The purpose of this brief article is to demonstrate the value of identifying “good dog trainers” and incorporating this knowledge into your veterinary practice. The following recommendations represent a consensus document compiled by the authors as one of the final projects in the Advanced Applied Clinical Behavioral Medicine course at the 2004 NAVC PGI. Many of the authors are now using these recommendations in their practices in ways that have increased their productivity and altered the way they now practice medicine.
Tag: journal veterinary behavior
Why consider the use of Shock Collars (E-Stimulus, E-Touch) carefully
Why consider the use of Shock Collars (E-Stimulus, E-Touch) carefully This is a bit technical but brief overview on this issue. I will do my best to make it easy for everyone to understand. In the JVB (2007) Overall evaluated the molecular and cellular use of shock on the learning process. She suggested, "we may be changing other behaviors or processes” with these collars technically called E-Stimulus Devices. Overall (2007) uses what she describes as “a landmark study” by Schilder and van der Borg published in Applied Animal Behavior (2004). Schilder and van der Borg noticed dogs exhibiting more stress related behavior when using these types of devices. Stress related behavior continued with the control group, during free time in the handlers presence while at parks, when dogs should be relaxed. Stress behaviors and/or conflict resolution behaviors is extensively defined in recent dog literature.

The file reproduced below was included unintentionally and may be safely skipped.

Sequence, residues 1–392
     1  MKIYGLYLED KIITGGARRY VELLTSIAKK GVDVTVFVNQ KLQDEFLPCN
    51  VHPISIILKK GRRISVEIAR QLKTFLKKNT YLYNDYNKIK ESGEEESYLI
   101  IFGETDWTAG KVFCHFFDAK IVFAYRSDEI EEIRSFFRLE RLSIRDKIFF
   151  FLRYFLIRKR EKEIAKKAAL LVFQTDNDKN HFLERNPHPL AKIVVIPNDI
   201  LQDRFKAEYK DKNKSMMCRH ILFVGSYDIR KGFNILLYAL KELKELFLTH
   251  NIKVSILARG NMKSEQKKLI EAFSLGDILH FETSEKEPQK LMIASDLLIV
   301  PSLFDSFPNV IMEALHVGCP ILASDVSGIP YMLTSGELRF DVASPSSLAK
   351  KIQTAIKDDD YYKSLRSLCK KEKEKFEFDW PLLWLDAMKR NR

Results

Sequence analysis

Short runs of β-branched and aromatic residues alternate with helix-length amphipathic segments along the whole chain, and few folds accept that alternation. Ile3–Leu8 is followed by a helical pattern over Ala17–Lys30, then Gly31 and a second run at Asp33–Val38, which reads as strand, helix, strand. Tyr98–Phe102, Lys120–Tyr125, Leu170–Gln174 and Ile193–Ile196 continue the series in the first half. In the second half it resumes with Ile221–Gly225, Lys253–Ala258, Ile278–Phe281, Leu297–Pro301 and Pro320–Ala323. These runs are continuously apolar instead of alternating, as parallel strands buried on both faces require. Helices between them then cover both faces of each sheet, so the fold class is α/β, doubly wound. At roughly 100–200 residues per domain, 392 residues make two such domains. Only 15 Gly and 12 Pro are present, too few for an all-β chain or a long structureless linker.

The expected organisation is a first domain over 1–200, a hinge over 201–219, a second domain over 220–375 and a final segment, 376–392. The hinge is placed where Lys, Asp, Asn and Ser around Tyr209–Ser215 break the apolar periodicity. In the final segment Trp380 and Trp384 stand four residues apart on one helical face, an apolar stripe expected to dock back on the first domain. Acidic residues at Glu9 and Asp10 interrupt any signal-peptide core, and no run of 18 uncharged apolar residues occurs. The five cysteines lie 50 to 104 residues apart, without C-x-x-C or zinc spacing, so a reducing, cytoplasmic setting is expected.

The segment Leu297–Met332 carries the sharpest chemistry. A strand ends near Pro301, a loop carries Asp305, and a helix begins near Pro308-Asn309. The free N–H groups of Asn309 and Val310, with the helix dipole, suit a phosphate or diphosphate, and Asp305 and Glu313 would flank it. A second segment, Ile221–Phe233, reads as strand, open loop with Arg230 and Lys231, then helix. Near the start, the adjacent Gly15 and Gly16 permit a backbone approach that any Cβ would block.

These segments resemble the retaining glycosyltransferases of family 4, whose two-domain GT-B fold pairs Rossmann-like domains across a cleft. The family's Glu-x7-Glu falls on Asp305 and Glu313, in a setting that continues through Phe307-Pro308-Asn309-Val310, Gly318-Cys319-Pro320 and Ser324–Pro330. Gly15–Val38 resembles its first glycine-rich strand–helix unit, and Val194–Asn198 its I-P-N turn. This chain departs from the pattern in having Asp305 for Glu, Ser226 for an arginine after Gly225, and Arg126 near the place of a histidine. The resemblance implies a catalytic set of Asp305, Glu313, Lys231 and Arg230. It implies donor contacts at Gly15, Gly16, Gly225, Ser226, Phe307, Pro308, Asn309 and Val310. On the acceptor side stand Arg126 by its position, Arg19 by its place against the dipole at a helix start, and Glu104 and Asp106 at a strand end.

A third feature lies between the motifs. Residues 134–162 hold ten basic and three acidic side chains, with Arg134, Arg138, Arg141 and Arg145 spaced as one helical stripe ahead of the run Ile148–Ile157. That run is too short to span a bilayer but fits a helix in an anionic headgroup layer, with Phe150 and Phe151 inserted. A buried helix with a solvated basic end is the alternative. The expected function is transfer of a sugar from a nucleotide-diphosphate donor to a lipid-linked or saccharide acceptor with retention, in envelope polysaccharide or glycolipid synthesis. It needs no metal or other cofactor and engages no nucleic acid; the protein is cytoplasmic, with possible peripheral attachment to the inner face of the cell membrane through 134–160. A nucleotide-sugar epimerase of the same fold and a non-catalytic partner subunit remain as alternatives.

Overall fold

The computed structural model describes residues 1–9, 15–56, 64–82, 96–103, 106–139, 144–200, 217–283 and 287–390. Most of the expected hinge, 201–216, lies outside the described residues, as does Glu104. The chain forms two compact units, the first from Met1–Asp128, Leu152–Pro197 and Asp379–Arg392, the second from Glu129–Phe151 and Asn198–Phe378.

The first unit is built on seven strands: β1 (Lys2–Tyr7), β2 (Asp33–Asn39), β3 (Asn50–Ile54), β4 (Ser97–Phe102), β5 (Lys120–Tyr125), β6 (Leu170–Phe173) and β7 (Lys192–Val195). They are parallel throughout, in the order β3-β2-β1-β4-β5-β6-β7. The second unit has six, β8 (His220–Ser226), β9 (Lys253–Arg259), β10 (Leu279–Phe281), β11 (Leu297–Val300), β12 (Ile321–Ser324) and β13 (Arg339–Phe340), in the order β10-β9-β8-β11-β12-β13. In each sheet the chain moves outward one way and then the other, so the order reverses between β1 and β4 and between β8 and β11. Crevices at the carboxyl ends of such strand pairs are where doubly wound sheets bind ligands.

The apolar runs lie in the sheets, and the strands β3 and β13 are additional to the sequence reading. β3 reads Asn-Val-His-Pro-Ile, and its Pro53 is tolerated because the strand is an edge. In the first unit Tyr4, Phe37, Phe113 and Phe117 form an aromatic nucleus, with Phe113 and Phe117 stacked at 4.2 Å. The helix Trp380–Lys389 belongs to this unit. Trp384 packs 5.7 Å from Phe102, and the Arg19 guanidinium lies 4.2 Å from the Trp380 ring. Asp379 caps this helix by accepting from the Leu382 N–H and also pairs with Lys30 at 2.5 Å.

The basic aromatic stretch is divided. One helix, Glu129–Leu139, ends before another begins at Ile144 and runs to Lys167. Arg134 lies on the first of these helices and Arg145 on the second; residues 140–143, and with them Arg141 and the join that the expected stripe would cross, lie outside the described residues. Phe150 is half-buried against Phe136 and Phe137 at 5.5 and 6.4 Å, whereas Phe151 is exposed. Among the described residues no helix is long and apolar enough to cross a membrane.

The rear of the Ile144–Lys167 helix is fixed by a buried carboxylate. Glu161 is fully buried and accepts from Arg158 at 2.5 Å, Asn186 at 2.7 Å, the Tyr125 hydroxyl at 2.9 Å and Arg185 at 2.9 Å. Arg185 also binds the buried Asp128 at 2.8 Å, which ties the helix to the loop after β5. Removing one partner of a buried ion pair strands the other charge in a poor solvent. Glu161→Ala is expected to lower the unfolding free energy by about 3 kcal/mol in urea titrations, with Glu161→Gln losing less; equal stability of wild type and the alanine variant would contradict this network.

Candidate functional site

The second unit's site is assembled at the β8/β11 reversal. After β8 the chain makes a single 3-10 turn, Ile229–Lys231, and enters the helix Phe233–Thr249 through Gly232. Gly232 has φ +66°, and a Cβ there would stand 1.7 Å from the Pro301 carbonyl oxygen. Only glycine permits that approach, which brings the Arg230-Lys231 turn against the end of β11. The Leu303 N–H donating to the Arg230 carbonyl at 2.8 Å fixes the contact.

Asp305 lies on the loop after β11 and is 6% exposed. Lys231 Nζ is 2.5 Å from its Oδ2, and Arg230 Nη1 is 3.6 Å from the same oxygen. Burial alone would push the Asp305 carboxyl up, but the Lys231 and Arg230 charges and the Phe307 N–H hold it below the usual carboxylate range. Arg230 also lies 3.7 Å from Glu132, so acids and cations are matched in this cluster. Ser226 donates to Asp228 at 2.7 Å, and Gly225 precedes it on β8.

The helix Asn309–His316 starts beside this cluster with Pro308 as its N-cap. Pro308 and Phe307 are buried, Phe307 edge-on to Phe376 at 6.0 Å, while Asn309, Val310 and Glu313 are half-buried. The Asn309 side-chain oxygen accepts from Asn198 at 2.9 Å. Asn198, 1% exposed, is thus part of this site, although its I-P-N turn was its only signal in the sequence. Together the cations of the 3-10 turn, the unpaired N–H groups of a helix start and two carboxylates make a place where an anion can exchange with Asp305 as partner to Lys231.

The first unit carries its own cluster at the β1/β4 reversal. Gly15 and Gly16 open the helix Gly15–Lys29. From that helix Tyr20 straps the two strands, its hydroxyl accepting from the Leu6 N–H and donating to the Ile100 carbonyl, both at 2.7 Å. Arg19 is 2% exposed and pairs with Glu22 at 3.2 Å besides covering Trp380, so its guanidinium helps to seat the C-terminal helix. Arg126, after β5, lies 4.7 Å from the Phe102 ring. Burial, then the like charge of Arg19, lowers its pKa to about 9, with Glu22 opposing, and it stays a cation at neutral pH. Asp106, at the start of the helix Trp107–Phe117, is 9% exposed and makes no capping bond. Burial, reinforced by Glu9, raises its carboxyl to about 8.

Training is a quality of life issue for dogs. What training tools are recommended and should be avoided?
Training is a quality of life issue for pets…What training tools are recommended and should be avoided? I’ve included in the following a list of recommended dog training tools and dog-training tools that should be avoided. The recommendation was published in the Journal of Veterinary Behavior (2006) and presented at the Advanced Behavior Course at the North American Veterinary Conference, Post Graduate Institute However, many dog owners are unaware of these recommendations and continue to use Flexi-Leads even though professional dog trainers do not use them. However, given the right instruction, proper size Flexi-Lead, owners can learn to navigate their dog effectively. I have created the following video demonstrating how a professional trainer can use them. If you still prefer using this tool but still struggle to manage your pulling dog, you can get help from a professional dog trainer. However, these devices can be very problematic, dangerous and not used properly do encourage inappropriate dog manners and behavior.